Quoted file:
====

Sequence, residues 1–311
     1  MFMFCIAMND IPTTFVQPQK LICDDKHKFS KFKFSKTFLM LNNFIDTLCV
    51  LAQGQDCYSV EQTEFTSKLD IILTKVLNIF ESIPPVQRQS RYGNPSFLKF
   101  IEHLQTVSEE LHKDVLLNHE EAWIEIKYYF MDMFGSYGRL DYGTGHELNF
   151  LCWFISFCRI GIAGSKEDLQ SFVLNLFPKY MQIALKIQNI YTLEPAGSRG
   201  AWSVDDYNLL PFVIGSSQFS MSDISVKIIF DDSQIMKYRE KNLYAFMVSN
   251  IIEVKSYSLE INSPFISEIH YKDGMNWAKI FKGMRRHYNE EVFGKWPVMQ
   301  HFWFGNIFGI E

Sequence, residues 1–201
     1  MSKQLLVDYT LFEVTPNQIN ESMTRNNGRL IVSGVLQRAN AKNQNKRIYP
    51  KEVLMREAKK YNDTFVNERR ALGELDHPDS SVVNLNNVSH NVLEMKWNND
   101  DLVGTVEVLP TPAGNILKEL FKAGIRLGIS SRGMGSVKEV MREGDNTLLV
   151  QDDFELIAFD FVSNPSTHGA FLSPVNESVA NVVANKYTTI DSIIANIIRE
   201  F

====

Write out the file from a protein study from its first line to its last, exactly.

Sequence, residues 1–311
     1  MFMFCIAMND IPTTFVQPQK LICDDKHKFS KFKFSKTFLM LNNFIDTLCV
    51  LAQGQDCYSV EQTEFTSKLD IILTKVLNIF ESIPPVQRQS RYGNPSFLKF
   101  IEHLQTVSEE LHKDVLLNHE EAWIEIKYYF MDMFGSYGRL DYGTGHELNF
   151  LCWFISFCRI GIAGSKEDLQ SFVLNLFPKY MQIALKIQNI YTLEPAGSRG
   201  AWSVDDYNLL PFVIGSSQFS MSDISVKIIF DDSQIMKYRE KNLYAFMVSN
   251  IIEVKSYSLE INSPFISEIH YKDGMNWAKI FKGMRRHYNE EVFGKWPVMQ
   301  HFWFGNIFGI E

Sequence, residues 1–201
     1  MSKQLLVDYT LFEVTPNQIN ESMTRNNGRL IVSGVLQRAN AKNQNKRIYP
    51  KEVLMREAKK YNDTFVNERR ALGELDHPDS SVVNLNNVSH NVLEMKWNND
   101  DLVGTVEVLP TPAGNILKEL FKAGIRLGIS SRGMGSVKEV MREGDNTLLV
   151  QDDFELIAFD FVSNPSTHGA FLSPVNESVA NVVANKYTTI DSIIANIIRE
   201  F